It was billed as the Pillar Nonprofit Network’s annual general meeting (AGM), but it turned out to be an energetic 15th birthday party.
Taking place on April 27 at Goodwill Industries on Horton Street, the AGM saw the typical business undertaken — the election of board members, the discussion of financial matters — but all that was under the canopy of shiny hats, party favours, and a recognition of the change that Pillar has helped engineer since it was first launched.
Perhaps nobody among the 150-plus people in attendance was more moved by the direction of the meeting than Willy Van Klooster.
Van Klooster, one of Pillar’s founding voices, said he “absolutely marvels” at what the organization has been able to accomplish.
“We had big dreams 15 years ago. We wanted to see significant things happen. But not infrequently, things happened I just could have never imagined,” he said. “Fifteen years ago, collaboration was an idea. Today, it’s happening.”
One thing Van Klooster said the people around that original Pillar table could never have imagined was the creation of Innovation Works.
A collaborative, community hub (located at 201 King St.), Innovation Works is a 32,000 sq. ft. space that is being renovated with the goal of bringing together socially minded innovators dedicated to positively transforming the future of London.
Michelle Baldwin, Pillar’s executive director, has seen that change happen first-hand over her 15 years with the organization — first as a volunteer, and for the past nine years in an official capacity.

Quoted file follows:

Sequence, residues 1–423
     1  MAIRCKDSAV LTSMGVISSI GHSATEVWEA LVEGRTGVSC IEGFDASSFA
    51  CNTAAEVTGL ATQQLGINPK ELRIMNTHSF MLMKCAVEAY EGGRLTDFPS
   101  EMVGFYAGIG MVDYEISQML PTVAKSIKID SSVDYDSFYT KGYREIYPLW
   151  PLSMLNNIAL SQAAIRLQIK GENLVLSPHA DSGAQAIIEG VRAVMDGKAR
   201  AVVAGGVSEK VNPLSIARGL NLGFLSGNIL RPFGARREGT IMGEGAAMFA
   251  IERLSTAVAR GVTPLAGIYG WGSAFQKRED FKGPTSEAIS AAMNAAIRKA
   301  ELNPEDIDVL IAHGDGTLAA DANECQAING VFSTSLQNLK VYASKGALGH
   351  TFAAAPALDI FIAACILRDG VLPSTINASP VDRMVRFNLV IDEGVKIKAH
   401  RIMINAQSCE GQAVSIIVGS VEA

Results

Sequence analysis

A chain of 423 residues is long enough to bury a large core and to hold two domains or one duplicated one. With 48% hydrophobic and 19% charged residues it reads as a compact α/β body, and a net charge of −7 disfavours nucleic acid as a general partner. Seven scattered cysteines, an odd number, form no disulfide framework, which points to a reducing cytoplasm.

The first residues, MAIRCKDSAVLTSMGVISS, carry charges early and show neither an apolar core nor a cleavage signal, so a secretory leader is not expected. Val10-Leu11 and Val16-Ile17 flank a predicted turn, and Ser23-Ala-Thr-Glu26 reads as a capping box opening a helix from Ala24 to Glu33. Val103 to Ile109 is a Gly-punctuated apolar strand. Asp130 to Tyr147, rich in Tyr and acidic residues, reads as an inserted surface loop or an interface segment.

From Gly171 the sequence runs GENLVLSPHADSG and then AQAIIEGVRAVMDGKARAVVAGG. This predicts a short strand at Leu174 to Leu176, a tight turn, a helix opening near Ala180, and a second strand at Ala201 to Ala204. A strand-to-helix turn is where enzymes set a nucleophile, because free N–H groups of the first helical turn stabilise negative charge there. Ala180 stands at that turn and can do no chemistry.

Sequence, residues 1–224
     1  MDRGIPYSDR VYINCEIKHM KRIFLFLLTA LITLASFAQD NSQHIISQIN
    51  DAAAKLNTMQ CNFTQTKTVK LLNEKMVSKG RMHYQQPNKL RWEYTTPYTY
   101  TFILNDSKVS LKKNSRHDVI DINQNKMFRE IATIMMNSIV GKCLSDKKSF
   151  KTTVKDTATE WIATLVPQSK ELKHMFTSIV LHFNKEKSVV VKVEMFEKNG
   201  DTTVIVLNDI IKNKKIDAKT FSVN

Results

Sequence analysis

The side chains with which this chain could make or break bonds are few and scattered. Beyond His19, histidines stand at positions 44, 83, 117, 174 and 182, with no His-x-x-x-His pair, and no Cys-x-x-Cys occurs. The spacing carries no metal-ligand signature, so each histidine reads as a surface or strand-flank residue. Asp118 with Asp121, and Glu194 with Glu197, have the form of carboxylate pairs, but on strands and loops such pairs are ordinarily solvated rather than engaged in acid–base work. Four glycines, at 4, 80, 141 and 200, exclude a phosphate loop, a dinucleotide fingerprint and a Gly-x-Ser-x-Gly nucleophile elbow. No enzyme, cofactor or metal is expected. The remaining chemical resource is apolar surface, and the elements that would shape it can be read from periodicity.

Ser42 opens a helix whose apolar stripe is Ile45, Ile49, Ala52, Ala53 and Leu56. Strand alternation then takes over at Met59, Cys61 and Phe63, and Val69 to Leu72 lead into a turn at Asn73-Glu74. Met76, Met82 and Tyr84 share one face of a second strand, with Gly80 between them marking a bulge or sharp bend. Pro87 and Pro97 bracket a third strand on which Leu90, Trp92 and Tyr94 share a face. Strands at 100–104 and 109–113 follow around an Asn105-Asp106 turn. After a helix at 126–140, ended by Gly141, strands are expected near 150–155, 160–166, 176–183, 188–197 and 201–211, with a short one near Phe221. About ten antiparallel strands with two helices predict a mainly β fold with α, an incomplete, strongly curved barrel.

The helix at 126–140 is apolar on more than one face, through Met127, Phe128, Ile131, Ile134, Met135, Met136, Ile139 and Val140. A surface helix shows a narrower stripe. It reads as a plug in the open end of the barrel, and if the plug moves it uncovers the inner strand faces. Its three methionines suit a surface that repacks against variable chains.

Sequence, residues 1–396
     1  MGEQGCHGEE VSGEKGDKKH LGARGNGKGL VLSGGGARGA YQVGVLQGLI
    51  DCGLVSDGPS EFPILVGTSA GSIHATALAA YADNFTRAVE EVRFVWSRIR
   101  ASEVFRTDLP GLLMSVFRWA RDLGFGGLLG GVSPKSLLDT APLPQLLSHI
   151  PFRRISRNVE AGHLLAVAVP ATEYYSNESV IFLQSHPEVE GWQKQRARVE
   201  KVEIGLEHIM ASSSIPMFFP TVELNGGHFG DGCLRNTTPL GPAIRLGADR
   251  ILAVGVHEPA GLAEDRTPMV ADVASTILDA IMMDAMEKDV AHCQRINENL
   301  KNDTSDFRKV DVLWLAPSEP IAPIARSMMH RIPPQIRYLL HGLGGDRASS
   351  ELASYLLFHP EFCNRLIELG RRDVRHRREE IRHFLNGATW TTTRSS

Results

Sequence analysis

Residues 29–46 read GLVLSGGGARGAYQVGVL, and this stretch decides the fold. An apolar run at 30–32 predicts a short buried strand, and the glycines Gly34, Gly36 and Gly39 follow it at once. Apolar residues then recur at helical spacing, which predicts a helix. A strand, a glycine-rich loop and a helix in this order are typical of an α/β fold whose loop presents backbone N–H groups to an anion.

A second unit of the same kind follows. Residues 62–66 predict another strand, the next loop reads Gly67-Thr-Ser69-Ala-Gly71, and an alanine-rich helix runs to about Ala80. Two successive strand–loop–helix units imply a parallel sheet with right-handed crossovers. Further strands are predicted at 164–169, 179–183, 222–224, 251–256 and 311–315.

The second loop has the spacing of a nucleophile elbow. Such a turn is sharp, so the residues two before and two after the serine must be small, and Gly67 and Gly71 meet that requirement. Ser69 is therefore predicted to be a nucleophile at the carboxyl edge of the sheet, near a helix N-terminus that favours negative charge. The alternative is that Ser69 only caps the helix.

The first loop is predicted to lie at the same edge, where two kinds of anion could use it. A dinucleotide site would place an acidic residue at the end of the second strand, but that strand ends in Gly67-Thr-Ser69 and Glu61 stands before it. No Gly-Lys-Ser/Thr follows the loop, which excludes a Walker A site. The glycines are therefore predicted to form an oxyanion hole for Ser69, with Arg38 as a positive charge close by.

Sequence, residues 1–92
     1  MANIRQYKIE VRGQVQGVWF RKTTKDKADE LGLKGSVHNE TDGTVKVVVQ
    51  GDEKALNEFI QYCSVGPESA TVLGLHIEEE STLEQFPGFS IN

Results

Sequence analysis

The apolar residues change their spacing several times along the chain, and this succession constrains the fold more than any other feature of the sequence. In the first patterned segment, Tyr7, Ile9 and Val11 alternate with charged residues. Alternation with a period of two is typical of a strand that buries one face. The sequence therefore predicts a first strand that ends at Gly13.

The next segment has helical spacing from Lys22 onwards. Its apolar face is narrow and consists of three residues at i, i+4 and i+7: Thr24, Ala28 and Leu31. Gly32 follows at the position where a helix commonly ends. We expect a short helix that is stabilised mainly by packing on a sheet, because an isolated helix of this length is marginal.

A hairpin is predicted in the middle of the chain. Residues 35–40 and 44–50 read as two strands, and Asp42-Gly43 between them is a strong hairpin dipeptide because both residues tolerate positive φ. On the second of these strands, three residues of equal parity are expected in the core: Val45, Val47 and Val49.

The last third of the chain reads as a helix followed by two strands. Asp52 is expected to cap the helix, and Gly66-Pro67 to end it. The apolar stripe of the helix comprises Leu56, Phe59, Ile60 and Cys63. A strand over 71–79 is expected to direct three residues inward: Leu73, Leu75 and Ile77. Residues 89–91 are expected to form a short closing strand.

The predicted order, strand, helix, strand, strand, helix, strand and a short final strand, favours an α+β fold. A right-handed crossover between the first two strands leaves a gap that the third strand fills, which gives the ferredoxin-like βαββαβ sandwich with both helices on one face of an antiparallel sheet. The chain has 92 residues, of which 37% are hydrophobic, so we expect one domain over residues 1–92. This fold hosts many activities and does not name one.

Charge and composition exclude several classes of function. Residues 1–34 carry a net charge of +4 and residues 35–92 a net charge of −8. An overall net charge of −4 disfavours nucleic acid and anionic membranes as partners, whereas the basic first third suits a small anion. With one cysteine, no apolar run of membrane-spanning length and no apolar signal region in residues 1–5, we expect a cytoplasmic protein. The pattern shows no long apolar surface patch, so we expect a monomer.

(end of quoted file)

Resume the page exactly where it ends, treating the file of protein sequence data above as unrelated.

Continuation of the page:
The AGM offered an opportunity for her to reflect on the past, think about the present, but also contemplate how to best move forward and celebrate the community’s potential.
“That’s why we picked the birthday party theme; we wanted to say a thank you to the network, but it’s also the chance to reflect on how much more we have left to do,” Baldwin said. ”We have a lot coming in 2016. I feel we’re trying to set the conditions for collaboration and change. Now, it’s as a community, let’s roll up our sleeves and get to work.”
This is a big year for Pillar, Baldwin said, with the opening of Innovation Works this summer and the upcoming solutions lab, which is a two-day problem solving workshop set for May 31 to June 1 at Brescia University College.
Looking back on her time with Pillar, Baldwin said she sees how the community has built relationships, “strengthened human connections,” and created an atmosphere where collaboration can happen.
This has been especially true, she adds, since the economic recession began in 2008 and many in the community began to realize people couldn’t keep doing things the same old way as years gone by.
For Kate Graham, board chair, the AGM actually offered more than just the chance to have a party.
The day proved, she said, that Londoners “love pushing the envelop and thinking big” in an effort to support one another.
With everything the organization has going on this year, including the 10th edition of the Pillar Community Innovation Awards, Graham said she believes Londoners have heard the message of collaboration.
“I never cease to be amazed that in the events we do out in the community, the level of response and engagement is phenomenal,” she said. “London is a collaborative and engaged city and that is no more true than in the non-profit sector.”